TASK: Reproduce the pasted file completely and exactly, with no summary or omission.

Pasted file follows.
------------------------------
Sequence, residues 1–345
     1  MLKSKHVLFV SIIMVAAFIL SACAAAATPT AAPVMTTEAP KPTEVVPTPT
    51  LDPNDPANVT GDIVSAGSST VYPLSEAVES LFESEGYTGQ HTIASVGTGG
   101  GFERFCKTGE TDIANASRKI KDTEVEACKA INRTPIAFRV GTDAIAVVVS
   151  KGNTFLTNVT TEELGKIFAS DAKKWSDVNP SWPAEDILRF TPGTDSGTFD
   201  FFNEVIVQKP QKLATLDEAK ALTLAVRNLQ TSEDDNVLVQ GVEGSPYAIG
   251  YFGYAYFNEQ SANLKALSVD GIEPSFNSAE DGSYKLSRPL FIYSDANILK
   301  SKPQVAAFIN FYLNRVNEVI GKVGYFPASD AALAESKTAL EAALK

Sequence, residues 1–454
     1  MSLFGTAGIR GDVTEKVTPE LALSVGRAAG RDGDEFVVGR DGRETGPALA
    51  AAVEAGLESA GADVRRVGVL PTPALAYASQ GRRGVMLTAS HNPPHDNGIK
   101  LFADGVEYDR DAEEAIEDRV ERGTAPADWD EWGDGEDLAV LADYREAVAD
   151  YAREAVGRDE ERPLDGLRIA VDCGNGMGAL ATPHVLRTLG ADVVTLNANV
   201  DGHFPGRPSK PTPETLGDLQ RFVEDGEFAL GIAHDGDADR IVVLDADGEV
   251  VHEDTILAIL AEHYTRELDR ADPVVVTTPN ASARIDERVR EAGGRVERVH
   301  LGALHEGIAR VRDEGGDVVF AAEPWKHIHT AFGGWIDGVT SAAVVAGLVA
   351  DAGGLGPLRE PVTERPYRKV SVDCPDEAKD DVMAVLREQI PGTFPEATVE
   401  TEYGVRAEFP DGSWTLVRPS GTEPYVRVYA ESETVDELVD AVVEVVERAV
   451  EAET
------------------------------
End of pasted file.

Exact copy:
Sequence, residues 1–345
     1  MLKSKHVLFV SIIMVAAFIL SACAAAATPT AAPVMTTEAP KPTEVVPTPT
    51  LDPNDPANVT GDIVSAGSST VYPLSEAVES LFESEGYTGQ HTIASVGTGG
   101  GFERFCKTGE TDIANASRKI KDTEVEACKA INRTPIAFRV GTDAIAVVVS
   151  KGNTFLTNVT TEELGKIFAS DAKKWSDVNP SWPAEDILRF TPGTDSGTFD
   201  FFNEVIVQKP QKLATLDEAK ALTLAVRNLQ TSEDDNVLVQ GVEGSPYAIG
   251  YFGYAYFNEQ SANLKALSVD GIEPSFNSAE DGSYKLSRPL FIYSDANILK
   301  SKPQVAAFIN FYLNRVNEVI GKVGYFPASD AALAESKTAL EAALK

Sequence, residues 1–454
     1  MSLFGTAGIR GDVTEKVTPE LALSVGRAAG RDGDEFVVGR DGRETGPALA
    51  AAVEAGLESA GADVRRVGVL PTPALAYASQ GRRGVMLTAS HNPPHDNGIK
   101  LFADGVEYDR DAEEAIEDRV ERGTAPADWD EWGDGEDLAV LADYREAVAD
   151  YAREAVGRDE ERPLDGLRIA VDCGNGMGAL ATPHVLRTLG ADVVTLNANV
   201  DGHFPGRPSK PTPETLGDLQ RFVEDGEFAL GIAHDGDADR IVVLDADGEV
   251  VHEDTILAIL AEHYTRELDR ADPVVVTTPN ASARIDERVR EAGGRVERVH
   301  LGALHEGIAR VRDEGGDVVF AAEPWKHIHT AFGGWIDGVT SAAVVAGLVA
   351  DAGGLGPLRE PVTERPYRKV SVDCPDEAKD DVMAVLREQI PGTFPEATVE
   401  TEYGVRAEFP DGSWTLVRPS GTEPYVRVYA ESETVDELVD AVVEVVERAV
   451  EAET